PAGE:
1980s >> 1988 >> no-1002-february-1988

Book Review: From crisis to complacency

The Energy Question. Gerald Foley (Pelican £4.95)

When the review copy of this book arrived I took my old one down from the shelf to compare them. The latter was published in 1976 and must have been written not long after the 1973 Arab-Zionist War and the quadrupling of oil prices in world markets.

The conclusion of most experts then was that there was too little oil and too many customers. Commodity markets — tin. coffee, copper, palm oil — boomed because the scarcity was believed to extend to everything except people; there were, it seemed, too many of us. Catholics rejected this view because God would not bring people into the world without means for them to exist.

Colin Clark, an adviser to the Pope on economic demography, had concluded that the world could feed ten times its current population to American standards and thirty times to Japanese standards.

But the majority of experts inclined to the view that scarcity was coming to haunt us. Oil and other sources of energy, along with most minerals and fertile soil, were in short supply and getting shorter Interested parties joined the chorus: producers of oil and minerals used the scare to jack up prices. Vegetarians argued that if we gave up meat there would be plenty of nut-cutlets for us all. Even Gerald Foley wrote in the early edition: “It is inevitable that the future will be more vegetarian than the past”.

Twelve years on we are assured that there is too much of everything. Primary commodity prices have crashed: copper producers like Zambia and tin producers like Malaya are in economic difficulties. Europe is drowning in wine and olive oil lakes and there are mountains of meat and fruit and grain.

And energy, whose input equals half a ton of coal-equivalent for every man, woman and child in Britain for food-production alone:

  The energy picture is very different from that of 1976. when the first edition of this book was published. The atmosphere at that time was one of crisis. Now the anxiety seems to have completely disappeared. A decade ago there were worries about whether industrial society would reach the year 2000 without a major upheaval in its ways of obtaining and using energy; now the consensus is that the turn of the century will see business very much as usual.

Now why should all that be? Had some new element come onto the scene to change all the equations about energy? Nuclear energy had promised, or rather its PR officers had promised a future of free or nearly free energy. But that dream had already gone sour by 1976. The American nuclear industry, operating on a purely commercial basis, had already stopped ordering nuclear power stations and many of the utilities who had ordered or who were operating them were facing bankruptcy. Countries like Britain and France who continued to order or operate them were doing so for political reasons, like obtaining war supplies of plutonium from the Magnox stations, or as a counter to the power of the mining unions in the British government’s case, or to the power of the Arab oil producers in the French case. Gerald Foley has no doubt as to the real reason:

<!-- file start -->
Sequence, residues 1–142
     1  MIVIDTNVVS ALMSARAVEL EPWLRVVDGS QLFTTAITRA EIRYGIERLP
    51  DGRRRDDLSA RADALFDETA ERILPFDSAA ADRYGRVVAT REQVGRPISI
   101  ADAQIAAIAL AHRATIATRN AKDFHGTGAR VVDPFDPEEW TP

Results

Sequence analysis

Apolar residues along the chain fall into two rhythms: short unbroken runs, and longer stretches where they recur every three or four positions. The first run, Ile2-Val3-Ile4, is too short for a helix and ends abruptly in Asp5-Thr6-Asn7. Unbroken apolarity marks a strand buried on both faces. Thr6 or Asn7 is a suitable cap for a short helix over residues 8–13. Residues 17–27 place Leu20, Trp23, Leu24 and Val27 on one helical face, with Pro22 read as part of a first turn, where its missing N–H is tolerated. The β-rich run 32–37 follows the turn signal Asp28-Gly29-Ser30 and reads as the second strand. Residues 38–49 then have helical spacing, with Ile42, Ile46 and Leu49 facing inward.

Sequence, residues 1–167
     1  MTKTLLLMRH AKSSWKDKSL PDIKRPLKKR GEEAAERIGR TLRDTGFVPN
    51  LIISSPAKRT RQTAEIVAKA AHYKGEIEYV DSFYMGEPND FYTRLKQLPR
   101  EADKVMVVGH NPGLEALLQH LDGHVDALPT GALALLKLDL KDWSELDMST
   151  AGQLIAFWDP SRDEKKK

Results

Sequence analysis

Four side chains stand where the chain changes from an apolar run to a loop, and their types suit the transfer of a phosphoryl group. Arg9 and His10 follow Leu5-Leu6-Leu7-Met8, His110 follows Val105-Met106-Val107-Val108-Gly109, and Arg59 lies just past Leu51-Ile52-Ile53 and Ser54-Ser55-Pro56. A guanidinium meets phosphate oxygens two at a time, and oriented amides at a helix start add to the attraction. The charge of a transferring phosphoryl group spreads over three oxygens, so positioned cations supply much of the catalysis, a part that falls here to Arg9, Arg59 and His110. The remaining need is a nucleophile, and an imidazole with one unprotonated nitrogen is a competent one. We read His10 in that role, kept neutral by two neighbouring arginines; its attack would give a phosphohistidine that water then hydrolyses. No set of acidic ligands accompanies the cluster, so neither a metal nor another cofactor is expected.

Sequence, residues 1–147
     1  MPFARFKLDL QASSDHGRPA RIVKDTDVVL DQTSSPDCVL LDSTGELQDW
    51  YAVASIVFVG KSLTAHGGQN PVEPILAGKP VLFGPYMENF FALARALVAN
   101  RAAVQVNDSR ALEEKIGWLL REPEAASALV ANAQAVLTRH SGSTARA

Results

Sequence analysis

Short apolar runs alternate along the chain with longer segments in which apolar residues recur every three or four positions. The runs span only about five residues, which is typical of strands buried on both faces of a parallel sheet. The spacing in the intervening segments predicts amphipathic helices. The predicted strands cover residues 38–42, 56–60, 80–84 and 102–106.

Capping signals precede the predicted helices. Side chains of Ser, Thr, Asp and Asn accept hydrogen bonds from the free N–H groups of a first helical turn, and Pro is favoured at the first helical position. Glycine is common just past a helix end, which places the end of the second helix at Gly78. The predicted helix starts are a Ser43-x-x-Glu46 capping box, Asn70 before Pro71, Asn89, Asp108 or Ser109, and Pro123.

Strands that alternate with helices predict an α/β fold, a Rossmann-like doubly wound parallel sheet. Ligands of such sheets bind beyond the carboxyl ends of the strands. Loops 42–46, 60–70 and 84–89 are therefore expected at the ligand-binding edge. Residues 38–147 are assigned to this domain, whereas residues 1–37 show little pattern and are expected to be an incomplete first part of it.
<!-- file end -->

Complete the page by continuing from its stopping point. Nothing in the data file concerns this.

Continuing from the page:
When the oil crisis arrived in 1973, there was a widespread misapprehension that it was connected with resource depletion. In fact, it was almost entirely a matter of economics and world politics, [ibid]

A couple of pages later he puts it even more bluntly: “In retrospect, it is clear that the energy crisis was to a large extent a creation of the major energy interests”.

So all that tizzy of excitement over self-sufficiency in the late sixties and early seventies was based on a false premise. All those flat-plate solar collectors on every roof and Cretan windmills in every backyard, methane digesters and Pelton Wheels and hand mills for grinding your own corn. Still, this book deals kindly with them and is careful not to throw the baby out with the bathwater. Houses are still being built with big picture-windows facing north — the planning laws and building regulations say nothing about orientation; the heating requirements of most houses could be cut by three quarters for a modest expenditure on insulation and of most factories by an even bigger factor.

The “energy crisis”‘ did, nevertheless, produce substantial economies in the use of fuel, particularly in the US. American motorists spurned the gas-guzzler cars in favour of the Volkswagen Beetle in sufficient numbers to bankrupt Chrysler and force General Motors and Ford to redesign their products. In Britain the small ads columns were full of oil fired boilers that hard-pressed householders could not afford to run. Alternative and sometimes desperate measures: paraffin stoves, electric storage radiators, log stoves, rarely offered a real solution.

Now it is: as you were, and oil is once more among the cheapest of fuels. The chapter: “Planning for Scarcity” in the 1976 edition has been changed to: “From Crisis to Complacency”. The point is still there but the emphasis is different. Gerald Foley comes up to the jump but refuses it. If he had only questioned the Market Economy itself. But if my aunt had wheels she would be a bicycle. The author is not in the business of political/economic analysis or he would have written a different book.

What he has written, and rewritten, is a compendious trip, historical and geographical, around the subject and provides a massive amount of material for us non-specialists to analyse. The tables and graphs are particularly comprehensive.

Ken Smith